Northern Rockies At this early date, normal to below normal fire activity is expected across the Northern Rockies. – Cool and somewhat wetter than normal La Niña conditions should allow for continued snowpack accumulation and precipitation through early spring in most locations. – Southwestern North Dakota remains relatively dry and could see periods of large fire activity.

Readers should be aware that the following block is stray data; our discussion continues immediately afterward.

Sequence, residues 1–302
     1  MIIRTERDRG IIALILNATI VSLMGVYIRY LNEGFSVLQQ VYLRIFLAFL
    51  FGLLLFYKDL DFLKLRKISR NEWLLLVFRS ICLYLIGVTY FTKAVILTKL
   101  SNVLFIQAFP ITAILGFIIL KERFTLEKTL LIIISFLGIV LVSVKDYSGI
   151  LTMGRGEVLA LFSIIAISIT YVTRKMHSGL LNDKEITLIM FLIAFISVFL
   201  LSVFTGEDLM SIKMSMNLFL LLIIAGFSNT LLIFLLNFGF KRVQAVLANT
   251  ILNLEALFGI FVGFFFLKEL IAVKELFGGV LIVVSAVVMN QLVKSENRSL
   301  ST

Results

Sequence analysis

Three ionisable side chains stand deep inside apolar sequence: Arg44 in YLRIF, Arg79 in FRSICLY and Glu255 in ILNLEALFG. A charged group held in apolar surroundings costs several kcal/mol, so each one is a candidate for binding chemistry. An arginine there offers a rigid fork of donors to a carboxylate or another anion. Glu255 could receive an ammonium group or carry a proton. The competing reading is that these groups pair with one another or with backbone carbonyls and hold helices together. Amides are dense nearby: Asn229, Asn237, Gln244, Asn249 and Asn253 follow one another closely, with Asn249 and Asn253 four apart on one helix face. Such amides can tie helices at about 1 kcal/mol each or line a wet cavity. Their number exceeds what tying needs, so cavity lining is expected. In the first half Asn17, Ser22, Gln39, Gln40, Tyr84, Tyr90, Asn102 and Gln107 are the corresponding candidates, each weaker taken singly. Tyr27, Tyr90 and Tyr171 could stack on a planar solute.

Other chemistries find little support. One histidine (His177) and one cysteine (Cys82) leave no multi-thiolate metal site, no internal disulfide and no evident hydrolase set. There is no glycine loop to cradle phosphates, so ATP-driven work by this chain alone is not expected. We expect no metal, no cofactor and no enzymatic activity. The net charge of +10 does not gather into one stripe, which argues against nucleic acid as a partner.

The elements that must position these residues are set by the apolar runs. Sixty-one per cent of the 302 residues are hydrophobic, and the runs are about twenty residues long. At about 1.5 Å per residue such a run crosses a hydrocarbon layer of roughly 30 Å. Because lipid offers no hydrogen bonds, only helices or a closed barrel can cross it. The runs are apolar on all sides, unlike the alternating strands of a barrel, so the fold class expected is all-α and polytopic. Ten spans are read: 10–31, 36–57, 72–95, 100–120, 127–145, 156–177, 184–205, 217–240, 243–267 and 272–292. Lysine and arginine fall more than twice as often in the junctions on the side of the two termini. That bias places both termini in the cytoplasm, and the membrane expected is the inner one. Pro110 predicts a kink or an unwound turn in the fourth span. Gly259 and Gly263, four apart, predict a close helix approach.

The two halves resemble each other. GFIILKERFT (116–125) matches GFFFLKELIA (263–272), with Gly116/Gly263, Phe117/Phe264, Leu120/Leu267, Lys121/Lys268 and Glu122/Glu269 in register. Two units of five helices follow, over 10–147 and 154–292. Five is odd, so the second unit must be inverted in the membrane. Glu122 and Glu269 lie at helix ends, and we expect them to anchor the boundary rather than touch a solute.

Texas and Florida Above normal fire activity is expected across much of Texas, Florida, and portions of Oklahoma. – Very dry conditions along with the presence of abundant fine fuels will cause fire danger to spike in central Texas, especially during windy periods combined with low relative humidity often occurring in conjunction with cold fronts. – Developing drought in Florida is expected to result in above normal initial attack activity and significant fire potential later this spring and possibly into early summer.